The federal government should invest in its people to “make Americans great again” during these polarized times, just as it did in the years after World War II, said history professor Dr. David Goldfield in a Thursday night presentation sponsored by the Old State House Museum.
Goldfield also said President Trump’s rise is not surprising because the two political parties have failed to address Americans’ concerns for decades.
He presented his ideas Nov. 12 during an online presentation, “American Politics in the Age of Polarization,” as part of the Old State House Museum’s new Perspectives in History program. Goldfield teaches at the University of North Carolina at Charlotte and twice has been nominated for a Pulitzer Prize.
Goldfield said the country has been divided in the past. In the 1850s, the division was between the North and the South and over race and immigration. The country again was bitterly divided in 1968 around race and the Vietnam War.
Today, the electorate again is divided as the country suffers through the COVID-19 pandemic and Americans have lost faith in their government because they believe it doesn’t serve them.
Goldfield said the government could rebuild trust by following the path it took in the two decades after World War II. Government investments in education, science and technology, civil rights, infrastructure, and medicine helped the country thrive in those years.
“Together, government, corporate America and individual citizens collaborated to construct a nation and a people, proving that equality, prosperity and democracy could not only coexist but could thrive and strengthen each other,” he said.
Goldfield said public policies after 1945 addressed needs and expanded the middle class. The G.I. Bill created a “virtuous circle” by paying for returning veterans’ educations, which increased consumer spending and created more revenues for education and training programs.
Goldfield said there was significant racism after World War II, which the federal government addressed. In the 1948 presidential election won by President Harry Truman, civil rights and race relations were major issues for the first time since Reconstruction. Goldfield said when President Dwight Eisenhower deployed the 101st Airborne Division to Little Rock to enforce the integration of Central High School, it was the first time the U.S. Army had been used in a “fairly hostile way” in the South since the Civil War.
Goldfield said Eisenhower followed Lincoln’s philosophy that government’s role was to do what individuals couldn’t do or do as well individually. His accomplishments included civil rights advances, the interstate highway system, and medical advances. Eisenhower expanded government-funded research in the 1950s, resulting in vaccines that saved lives. By 1960, life expectancy had risen from 62 to 69.7 years of age.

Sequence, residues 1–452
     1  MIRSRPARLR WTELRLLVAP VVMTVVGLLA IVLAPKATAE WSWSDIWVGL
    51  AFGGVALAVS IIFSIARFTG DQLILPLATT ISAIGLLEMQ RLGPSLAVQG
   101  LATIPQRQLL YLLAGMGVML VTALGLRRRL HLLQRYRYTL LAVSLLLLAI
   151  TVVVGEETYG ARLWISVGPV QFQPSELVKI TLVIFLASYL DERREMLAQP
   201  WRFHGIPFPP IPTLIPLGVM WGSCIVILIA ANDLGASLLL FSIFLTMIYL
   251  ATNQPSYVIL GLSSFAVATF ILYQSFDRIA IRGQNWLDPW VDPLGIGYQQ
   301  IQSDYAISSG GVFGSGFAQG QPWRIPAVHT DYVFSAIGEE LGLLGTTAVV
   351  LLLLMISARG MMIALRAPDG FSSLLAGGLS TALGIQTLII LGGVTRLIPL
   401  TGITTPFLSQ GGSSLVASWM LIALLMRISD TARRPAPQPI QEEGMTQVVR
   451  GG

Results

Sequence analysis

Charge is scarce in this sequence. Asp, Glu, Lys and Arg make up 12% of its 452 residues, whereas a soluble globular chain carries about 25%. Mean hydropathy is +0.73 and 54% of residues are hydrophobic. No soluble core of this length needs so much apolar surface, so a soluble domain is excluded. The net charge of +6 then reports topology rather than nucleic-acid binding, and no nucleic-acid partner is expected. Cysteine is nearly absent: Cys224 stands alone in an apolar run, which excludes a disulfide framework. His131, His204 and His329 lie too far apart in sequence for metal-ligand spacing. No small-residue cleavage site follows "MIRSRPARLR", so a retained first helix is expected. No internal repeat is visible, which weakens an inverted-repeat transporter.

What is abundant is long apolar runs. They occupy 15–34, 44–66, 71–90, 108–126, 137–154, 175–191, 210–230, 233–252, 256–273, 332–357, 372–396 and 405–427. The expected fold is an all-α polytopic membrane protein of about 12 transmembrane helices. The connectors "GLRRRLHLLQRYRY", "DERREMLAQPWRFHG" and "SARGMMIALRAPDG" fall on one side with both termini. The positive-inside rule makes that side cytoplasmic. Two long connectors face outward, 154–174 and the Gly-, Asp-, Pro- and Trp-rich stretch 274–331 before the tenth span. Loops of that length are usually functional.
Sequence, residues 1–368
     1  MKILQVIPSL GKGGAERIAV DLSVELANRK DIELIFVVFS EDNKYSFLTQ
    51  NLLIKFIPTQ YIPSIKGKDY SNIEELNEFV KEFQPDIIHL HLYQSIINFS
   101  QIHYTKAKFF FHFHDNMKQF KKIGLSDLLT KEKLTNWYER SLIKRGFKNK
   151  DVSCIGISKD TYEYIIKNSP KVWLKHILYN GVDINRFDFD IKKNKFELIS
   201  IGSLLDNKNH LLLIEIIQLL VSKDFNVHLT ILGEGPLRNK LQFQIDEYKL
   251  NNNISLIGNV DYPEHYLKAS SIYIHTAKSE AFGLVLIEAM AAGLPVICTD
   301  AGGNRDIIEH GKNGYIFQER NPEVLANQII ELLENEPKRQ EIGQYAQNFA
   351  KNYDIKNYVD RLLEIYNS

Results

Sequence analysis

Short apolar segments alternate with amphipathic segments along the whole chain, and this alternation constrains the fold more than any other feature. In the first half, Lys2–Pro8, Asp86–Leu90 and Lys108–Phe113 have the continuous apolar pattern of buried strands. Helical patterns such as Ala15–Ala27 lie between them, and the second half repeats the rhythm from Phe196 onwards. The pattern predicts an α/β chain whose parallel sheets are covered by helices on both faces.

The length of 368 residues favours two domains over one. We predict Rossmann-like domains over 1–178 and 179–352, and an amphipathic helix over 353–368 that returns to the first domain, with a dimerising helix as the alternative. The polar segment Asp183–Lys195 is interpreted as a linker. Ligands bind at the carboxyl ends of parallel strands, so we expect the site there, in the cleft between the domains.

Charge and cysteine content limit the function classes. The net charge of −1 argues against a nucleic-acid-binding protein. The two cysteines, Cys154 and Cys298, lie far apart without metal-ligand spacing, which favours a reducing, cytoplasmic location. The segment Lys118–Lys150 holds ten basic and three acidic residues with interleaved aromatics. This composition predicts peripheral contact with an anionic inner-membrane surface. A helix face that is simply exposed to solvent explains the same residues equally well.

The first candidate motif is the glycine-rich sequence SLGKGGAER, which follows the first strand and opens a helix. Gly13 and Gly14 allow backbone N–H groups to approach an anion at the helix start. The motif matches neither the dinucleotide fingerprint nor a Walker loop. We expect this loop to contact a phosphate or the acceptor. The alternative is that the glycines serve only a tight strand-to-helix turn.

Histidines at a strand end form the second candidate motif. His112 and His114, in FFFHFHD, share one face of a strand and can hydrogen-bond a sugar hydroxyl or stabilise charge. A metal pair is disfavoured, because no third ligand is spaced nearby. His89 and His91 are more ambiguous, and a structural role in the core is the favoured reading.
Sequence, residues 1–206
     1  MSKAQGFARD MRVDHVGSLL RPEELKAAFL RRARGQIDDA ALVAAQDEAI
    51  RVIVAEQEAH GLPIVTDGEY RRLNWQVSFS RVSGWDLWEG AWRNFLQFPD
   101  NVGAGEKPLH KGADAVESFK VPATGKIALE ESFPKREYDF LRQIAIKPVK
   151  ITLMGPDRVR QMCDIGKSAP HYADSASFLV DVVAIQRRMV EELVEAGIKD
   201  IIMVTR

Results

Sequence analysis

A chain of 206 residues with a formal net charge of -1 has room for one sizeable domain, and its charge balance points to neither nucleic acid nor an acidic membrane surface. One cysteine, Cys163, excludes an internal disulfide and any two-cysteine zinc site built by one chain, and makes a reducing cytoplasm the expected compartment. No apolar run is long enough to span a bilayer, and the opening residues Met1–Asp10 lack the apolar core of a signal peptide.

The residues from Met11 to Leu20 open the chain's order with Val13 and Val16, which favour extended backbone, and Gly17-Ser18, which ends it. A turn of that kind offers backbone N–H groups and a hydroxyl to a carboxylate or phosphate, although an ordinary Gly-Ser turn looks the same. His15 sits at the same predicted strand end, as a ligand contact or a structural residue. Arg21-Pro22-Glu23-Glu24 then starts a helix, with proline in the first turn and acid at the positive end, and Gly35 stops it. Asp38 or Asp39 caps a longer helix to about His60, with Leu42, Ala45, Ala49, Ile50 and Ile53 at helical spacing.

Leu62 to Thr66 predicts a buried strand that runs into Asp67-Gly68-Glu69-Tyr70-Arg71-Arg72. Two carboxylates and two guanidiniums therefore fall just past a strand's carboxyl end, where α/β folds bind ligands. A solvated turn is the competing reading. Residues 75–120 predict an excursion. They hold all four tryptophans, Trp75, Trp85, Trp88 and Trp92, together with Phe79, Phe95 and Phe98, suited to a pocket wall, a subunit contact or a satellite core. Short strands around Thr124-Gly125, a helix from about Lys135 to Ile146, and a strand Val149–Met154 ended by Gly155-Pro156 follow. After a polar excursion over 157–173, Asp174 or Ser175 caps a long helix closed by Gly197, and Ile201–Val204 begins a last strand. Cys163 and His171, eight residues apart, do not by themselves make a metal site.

“We became the world’s laboratory and a synonym for invention and innovation,” he said. “Now these ideas and policies were mainstream in both the Democratic and Republican parties of that era. There was widespread understanding that government’s role would change over time as society and the economy became increasingly complex. It was a vision of government as an agile and vigilant champion for its people.”
The postwar measures created “a confident people and a confident nation,” Goldfield said. But the relationship between the government and the people faltered with the Vietnam War, Watergate, racial violence and the imploding industrial economy.
These should not have destabilized a country that survived the Great Depression and World War II, but political leaders in both parties divided Americans and bashed government for political gain. Even President Clinton would declare the era of big government was over. But privileged individuals were still benefitting from federal policies.
In recent years, the United States has seen stagnant or declining incomes, higher levels of income inequality than the rest of the developed world, and lower levels of upward mobility. Corporate concentration has stifled innovation and invention. The country trails the rest of the world regarding paid parental leave, early childhood education and job training.
‘“We live in an era of reduced expectations, and that has become a self-fulfilling prophecy, but we can fix this. … The nation still has good bones,” he said.
He said the nation is more inclusive than it was in 1945, but for four decades it has lacked a government that ensures opportunity for the greatest number of people.
“The record is clear. The U.S. has prospered in times of broad government activism,” he said. “The nation has faltered when it has failed to live up to its people.”
Times have changed since the 1950s, but what’s needed are the same investments in people that occurred after World War II, including infrastructure, basic research, enforcement of antitrust laws, and affordable housing, Goldfield said. He said an active government should invest in its people to “make Americans great again.”
“We need to do that today, renewing the investments in our citizens as we did a half-century ago,” he said. “We need an updating, not an upheaval.”
During a question and answer session, Goldfield said the rise of President Trump isn’t surprising because the two major parties for 40-50 years had been paying attention only to their major donors.
Asked how history would view Trump, Goldfield said his election reflected problems that the major parties had not been addressing, while his administration further polarized the nation and damaged its alliances. President-elect Joe Biden’s administration needs to restore those alliances and credibility abroad while toning down the rhetoric, he said.